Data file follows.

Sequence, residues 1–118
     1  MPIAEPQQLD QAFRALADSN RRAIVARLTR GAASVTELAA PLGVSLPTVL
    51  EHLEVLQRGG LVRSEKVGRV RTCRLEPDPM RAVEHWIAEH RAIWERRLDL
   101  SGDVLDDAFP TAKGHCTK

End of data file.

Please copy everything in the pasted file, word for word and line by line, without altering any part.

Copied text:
Sequence, residues 1–118
     1  MPIAEPQQLD QAFRALADSN RRAIVARLTR GAASVTELAA PLGVSLPTVL
    51  EHLEVLQRGG LVRSEKVGRV RTCRLEPDPM RAVEHWIAEH RAIWERRLDL
   101  SGDVLDDAFP TAKGHCTK